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How To Talk to Roommates

How To Tell Potential Roommates about Your Food Allergies

Part of our college checklist is deciding whether you want a roommate or a medical single room. After your first year at college, that list of decisions can expand to whether you want to live on or off campus and potentially in a group house.

While every college differs, many colleges will let you pick your own roommate if you prefer not to be assigned one (although that trend is starting to shift). Most new students connect with potential roommates through Facebook, Instagram, GroupMe, and other forms of social media for the college. Using one of these platforms is a great way to meet people and potentially find a roommate who can agree to keep your room allergen-free – before you ever step through the doors!

If your college assigns roommates – based on interest surveys, personality tests, or even at random – ask for your roommate’s contact information so you can discuss food allergies right away. If your roommate is not receptive to keeping the room allergen-friendly or allergen-free, you can request a roommate swap before school starts.

  • If your college does not want to provide contact information for your roommate, you may need to add that to your accommodations request with the Disability Office.

Before this process starts, it’s important to talk to your board-certified allergist about whether you need allergens to be kept completely out of the room or if it’s okay for your roommate to have them, as long as foods are clearly labeled, or your roommate takes other precautions to keep allergens separate from your food and personal items.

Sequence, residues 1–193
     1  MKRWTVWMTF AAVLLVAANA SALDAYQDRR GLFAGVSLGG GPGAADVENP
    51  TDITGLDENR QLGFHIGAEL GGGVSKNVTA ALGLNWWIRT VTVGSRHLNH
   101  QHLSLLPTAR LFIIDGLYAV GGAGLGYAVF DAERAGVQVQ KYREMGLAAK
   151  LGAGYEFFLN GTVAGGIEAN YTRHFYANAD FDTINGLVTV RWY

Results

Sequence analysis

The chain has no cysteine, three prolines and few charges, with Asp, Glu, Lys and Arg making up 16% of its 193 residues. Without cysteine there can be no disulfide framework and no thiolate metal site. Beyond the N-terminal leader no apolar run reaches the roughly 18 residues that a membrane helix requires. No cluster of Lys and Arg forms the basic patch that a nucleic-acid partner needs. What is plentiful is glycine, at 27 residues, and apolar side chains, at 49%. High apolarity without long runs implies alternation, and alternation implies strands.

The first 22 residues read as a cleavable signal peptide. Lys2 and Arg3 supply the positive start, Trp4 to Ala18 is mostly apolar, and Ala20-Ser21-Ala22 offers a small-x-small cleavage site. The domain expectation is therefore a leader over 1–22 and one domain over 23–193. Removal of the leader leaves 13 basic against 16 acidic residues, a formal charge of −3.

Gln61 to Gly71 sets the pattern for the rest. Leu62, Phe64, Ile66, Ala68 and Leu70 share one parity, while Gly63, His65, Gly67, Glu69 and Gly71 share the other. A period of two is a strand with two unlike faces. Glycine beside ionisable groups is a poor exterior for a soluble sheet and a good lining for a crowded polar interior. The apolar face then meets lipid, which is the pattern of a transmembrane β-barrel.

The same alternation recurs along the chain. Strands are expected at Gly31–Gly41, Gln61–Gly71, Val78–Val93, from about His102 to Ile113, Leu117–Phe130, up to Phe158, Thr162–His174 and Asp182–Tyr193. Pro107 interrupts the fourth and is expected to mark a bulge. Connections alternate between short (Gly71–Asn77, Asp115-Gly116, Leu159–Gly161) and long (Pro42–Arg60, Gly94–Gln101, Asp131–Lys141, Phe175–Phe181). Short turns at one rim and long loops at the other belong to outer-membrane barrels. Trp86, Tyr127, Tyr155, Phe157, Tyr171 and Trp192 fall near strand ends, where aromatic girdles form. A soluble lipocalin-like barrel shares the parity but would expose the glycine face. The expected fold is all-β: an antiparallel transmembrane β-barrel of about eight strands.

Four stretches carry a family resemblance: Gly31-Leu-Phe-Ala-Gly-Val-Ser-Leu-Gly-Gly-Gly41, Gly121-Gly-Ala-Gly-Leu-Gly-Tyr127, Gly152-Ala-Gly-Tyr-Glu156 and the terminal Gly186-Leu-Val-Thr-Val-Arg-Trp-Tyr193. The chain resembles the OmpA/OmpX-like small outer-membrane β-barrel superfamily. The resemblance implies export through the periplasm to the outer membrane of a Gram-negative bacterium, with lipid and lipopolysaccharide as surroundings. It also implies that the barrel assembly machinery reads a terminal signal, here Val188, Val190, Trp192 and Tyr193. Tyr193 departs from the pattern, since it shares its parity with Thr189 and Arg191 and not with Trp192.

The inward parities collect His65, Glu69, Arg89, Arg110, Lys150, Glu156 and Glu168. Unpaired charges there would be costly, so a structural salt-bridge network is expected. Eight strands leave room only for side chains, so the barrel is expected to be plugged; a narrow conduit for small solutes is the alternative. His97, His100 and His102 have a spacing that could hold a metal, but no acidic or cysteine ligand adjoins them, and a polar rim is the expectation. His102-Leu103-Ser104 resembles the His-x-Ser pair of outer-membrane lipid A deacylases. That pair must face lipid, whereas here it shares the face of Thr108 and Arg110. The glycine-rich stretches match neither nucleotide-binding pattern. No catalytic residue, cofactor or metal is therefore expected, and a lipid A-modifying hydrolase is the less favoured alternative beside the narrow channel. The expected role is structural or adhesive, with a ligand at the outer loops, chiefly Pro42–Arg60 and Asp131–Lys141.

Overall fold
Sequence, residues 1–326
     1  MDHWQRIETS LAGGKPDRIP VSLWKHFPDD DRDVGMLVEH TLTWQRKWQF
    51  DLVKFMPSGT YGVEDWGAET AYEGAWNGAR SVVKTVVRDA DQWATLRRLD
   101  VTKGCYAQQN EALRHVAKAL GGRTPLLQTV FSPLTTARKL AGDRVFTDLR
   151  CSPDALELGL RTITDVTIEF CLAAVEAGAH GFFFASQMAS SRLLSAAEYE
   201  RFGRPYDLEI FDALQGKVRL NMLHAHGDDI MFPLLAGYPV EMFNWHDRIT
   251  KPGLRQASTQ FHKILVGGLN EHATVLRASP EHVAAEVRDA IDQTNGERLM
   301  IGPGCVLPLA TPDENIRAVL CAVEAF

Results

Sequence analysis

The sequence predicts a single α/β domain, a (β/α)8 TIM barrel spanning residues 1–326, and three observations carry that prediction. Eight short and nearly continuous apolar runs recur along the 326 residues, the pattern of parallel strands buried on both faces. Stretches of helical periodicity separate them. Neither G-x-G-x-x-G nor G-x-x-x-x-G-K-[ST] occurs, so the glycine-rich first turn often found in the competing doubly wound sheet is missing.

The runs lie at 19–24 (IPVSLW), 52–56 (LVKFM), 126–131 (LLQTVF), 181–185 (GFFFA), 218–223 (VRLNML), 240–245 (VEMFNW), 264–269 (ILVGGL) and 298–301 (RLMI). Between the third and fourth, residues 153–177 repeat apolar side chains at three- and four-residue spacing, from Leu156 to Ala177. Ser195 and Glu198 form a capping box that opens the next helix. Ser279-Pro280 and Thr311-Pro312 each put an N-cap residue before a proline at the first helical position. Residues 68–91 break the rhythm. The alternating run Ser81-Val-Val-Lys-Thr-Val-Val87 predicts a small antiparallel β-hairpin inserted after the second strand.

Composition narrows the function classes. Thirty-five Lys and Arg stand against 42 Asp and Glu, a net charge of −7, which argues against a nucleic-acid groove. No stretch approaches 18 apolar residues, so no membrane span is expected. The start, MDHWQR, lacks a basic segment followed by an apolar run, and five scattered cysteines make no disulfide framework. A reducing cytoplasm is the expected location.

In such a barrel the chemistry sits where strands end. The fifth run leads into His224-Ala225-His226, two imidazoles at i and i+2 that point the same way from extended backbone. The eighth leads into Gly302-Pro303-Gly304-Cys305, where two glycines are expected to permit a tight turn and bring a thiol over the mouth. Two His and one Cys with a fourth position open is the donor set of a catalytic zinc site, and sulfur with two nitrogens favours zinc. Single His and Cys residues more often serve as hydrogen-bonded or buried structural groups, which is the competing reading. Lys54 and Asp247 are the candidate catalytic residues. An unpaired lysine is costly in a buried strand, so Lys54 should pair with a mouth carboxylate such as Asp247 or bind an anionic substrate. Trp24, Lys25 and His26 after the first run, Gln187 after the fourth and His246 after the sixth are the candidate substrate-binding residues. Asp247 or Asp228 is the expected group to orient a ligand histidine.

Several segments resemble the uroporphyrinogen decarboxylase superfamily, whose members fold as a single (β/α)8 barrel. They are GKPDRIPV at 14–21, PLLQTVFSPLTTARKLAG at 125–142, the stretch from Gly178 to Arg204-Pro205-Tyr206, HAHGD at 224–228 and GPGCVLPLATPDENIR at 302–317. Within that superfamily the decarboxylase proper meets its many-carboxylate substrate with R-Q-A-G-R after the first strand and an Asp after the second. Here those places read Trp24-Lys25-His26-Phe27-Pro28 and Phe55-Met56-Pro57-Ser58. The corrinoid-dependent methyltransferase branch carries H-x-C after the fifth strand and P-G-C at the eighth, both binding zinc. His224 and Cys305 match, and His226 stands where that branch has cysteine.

Download FAACT's How To Talk to Potential Roommates Checklist.

No matter how you meet or are assigned a roommate, here are some conversation starters to help you bring up the topic of food allergies:

  • I am allergic to [allergen(s)]. Would you be okay not keeping this in the dorm room if we live together?
  • You seem so fun! I would love to room together, but I did want to let you know that I have food allergies. We wouldn’t be able to have [allergen(s)] in the room. Is that going to be okay with you?
  • I am looking for someone to room with and it seems like we have a lot in common! I wanted to let you know that I have food allergies. That means if we room together, we can’t keep [allergen(s)] in our space. Would that work out with you?
  • I am so excited to room together! I wanted to let you know right away that I have food allergies. We wouldn’t be able to have [allergen(s)] in the room. Is that going to be okay with you?
  • Looks like we have been paired as roommates! I am so excited! I did want to let you know right off the bat that I am allergic to [allergen(s)]. It’s okay to have them in the room, but we’d need to make sure we keep those foods separate from anything I might be eating. Can you work with that?

Your roommate does not have to become your best friend (although it’s great if they do!) but they do have to agree to keep your living quarters safe. If they do not think they can live without allergens in the room, don’t get down on yourself – the issue is with them, not you. Move on to another candidate. You will find the right roommate for you!

Bonus questions to ask a potential roommate:

  • Will they be willing to learn how to use an epinephrine auto-injector?
  • Will they make sure their friends don’t bring allergens into the room when you are not there?
  • Will they agree to not share silverware/mugs with you (or be willing to be diligent about cleaning shared items)?
  • Would they be willing to carry a copy of your Allergy & Anaphylaxis Emergency Plan in case they need to help you in an emergency?